More than half of the top positive DMRs (endosperm less methylated than embryo) occur within 2-kb upstream or 2-kb downstream of genes (Fig. S3) (6, 13). We identified all protein-coding genes where a top positive DMR fell within the body of the gene or 1 kb 5′ or 3′. This yielded 1276 genes for the Col-gl embryo-endosperm comparison (Table S3) and 1163 for Ler embryo-endosperm (Table S4). Embryo methylation profiles for these genes display prominent peaks centered at ~700 bp both upstream and downstream that are largely absent in the endosperm (Fig. 3 and Fig. S6). This change represents loss of methylation in the endosperm and not gain of methylation in the embryo because these genes are similarly methylated in embryos and adult plants (Figs. S1C and S6C). Upstream and downstream methylation peaks are partially restored in dme mutant endosperm (Fig. 3), despite the fact that dme endosperm is overall hypomethylated compared to wild type (see Supporting Online Material [SOM]). Thus much of the methylation 5′ and 3′ of genes that is depleted in the endosperm is likely lost due to active demethylation by DME in the central cell before fertilization, although other mechanisms probably also contribute (14).

Figure 3
Methylation is lost 5′ and 3′ of genes in the endosperm

DNA methylation of promoters inhibits transcriptional initiation. The most prominent losses of gene-associated methylation in endosperm occur well upstream of the transcriptional start site (Fig. 3) and, for most genes, the presence of nearby DNA methylation apparently has little effect on gene expression (Fig. S7). However, we found that genes with endosperm-preferred expression (15) are less methylated at 5′ sequences in the endosperm than embryo (Fig. S8), suggesting that 5′ loss of methylation is associated with increased expression of a subset of genes in the endosperm.

Known imprinted genes are less methylated in the endosperm than embryo (Fig. 2B) and exhibit endosperm-preferred expression (15). To identify novel imprinted genes we chose genes with top DMRs in comparisons between embryo and endosperm and between wild type and dme endosperm for Col-gl and Ler datasets. A set of 113 genes have top DMRs in 3 of the 4 comparisons, including the known imprinted gene MEA (Table S5). Two of these genes, HDG3 and HDG9, belong to the 16-member class IV homeodomain leucine zipper transcription (HD-ZIP) factor gene family that also includes the known imprinted gene FWA. Like FWA, three HD-ZIP genes are expressed primarily or exclusively in siliques, HDG3, HDG8, and HDG9 (16).

To test parent-of-origin specific expression of putative imprinted genes, we performed reciprocal crosses between Ler and Col-gl and assayed expression patterns by RT-PCR. Only the maternal HDG9 allele was expressed in the endosperm (Fig. 4A). We confirmed that methylation was lost around the 5′ end of the gene specifically on maternal alleles in the endosperm, a region annotated as overlapping the remnant of a Helitron transposable element (Fig. 4C). HDG8 is also primarily, but not exclusively, expressed from the maternal allele (Fig. 4A and SOM). HDG3 is reciprocally imprinted --expression is predominantly paternal (Fig. 4B and SOM). Methylation is lost from maternal alleles on a 1.4 kb Helitron remnant that begins 100 bp 5′ of the gene (Fig. 4D). We confirmed allele-specific expression of two other genes in the endosperm, the ATMYB3R2 transcription factor, which is maternally expressed, and AT5G62110, a gene annotated as containing a homeodomain-like domain, which is predominantly paternally expressed (Fig. 4 and SOM).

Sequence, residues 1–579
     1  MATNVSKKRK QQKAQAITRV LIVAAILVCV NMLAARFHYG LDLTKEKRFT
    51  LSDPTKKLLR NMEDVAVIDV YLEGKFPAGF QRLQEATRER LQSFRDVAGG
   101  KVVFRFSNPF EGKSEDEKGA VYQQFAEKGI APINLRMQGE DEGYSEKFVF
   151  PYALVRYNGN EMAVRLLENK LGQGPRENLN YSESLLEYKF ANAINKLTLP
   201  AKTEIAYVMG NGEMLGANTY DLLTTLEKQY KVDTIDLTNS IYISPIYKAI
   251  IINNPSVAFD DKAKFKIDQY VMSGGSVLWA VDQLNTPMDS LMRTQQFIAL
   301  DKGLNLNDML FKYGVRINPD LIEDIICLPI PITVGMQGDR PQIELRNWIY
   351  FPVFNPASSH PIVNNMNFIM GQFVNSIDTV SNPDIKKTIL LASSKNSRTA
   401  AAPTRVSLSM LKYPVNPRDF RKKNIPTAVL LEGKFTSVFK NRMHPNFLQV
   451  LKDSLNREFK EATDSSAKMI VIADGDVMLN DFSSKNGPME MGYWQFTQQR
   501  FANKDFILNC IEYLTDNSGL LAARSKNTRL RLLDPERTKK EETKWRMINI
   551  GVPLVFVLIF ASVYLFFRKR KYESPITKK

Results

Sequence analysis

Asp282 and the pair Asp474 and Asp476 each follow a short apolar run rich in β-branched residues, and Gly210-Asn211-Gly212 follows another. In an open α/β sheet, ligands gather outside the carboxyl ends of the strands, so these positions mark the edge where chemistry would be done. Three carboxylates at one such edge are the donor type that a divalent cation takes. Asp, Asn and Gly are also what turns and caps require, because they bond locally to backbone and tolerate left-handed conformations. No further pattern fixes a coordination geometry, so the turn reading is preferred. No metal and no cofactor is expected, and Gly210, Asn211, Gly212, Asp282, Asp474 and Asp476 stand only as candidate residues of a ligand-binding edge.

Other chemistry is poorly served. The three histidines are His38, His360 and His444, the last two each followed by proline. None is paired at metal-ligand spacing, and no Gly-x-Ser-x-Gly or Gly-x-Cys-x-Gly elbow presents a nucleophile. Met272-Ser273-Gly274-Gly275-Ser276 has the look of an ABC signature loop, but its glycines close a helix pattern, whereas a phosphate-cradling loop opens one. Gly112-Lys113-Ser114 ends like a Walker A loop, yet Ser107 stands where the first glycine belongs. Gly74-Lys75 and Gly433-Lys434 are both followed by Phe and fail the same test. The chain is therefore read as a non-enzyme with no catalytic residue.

Figure 4
Expression and methylation analysis of new imprinted genes

We tested several other genes that were less methylated in the endosperm than embryo for imprinting (Table S6). CYCA1;1 is a differentially-methylated A-type cyclin that exhibits endosperm-preferred expression but is also expressed at many other stages of development (Fig. S8C) and is biallelically expressed in the endosperm. All of the differentially methylated genes with endosperm-preferred expression that were not imprinted were expressed in other tissues throughout development, whereas the five genes with top positive DMRs that we confirmed as imprinted were expressed at very low levels or not at all in other tissues (Fig. S9). This suggests that genes with low levels of expression in other plant tissues require loss of methylation for gene expression in the endosperm. Thus the best candidates for imprinted genes are those that are less methylated in the endosperm than embryo, exhibit endosperm-preferred expression (15), and are expressed at low levels in other parts of the plant (Table S7). Based on these considerations, we estimate that there are ~50 imprinted genes in Arabidopsis. Gene ontology analysis of molecular function indicates that these genes are enriched in the term “DNA or RNA binding”, which includes transcription factors and genes with chromatin-related functions (Fig. S9).

Our identification and verification of five new imprinted genes, all of which are flanked by or harbor repetitive elements in coding sequences, doubles the number of known imprinted genes in Arabidopsis. Four of the ten imprinted genes are class IV homeodomain transcription factors, which offers the opportunity to study the evolution of imprinting (SOM). Our results support the theory that imprinting arose as a by-product of silencing invading foreign DNA (17). Transposable elements (TEs) have demonstrated toxic effects on genomes, but they are also a source of genetic and epigenetic material that can be utilized by the host (18). Insertion of a TE near a gene will have little functional impact in most instances, and strongly deleterious TE insertions will be selected against. However, a subset of genes, perhaps depending on promoter strength, are susceptible to epigenetic regulation by TEs. Regulation of gene expression by DNA methylation could be selected for if imprinting of these genes is adaptive in the context of parental conflict or gene dosage balance in the triploid endosperm.

Supplementary Material

Suppl Figures and Tables

Tables S3 and S4

Acknowledgments

We thank the FHCRC Genomics Shared Resources for performing microarray hybridizations and Illumina sequencing, Jorja Henikoff for assistance with computational analyses, Roger Deal and Jennifer Cooper for comments on the manuscript, and Daniel Zilberman and Bob Fischer for sharing unpublished data. MG is a HHMI Fellow of the Life Sciences Research Foundation. Illumina and NimbleGen data are deposited in the Genome Expression Omnibus (Accession Number GSE14570).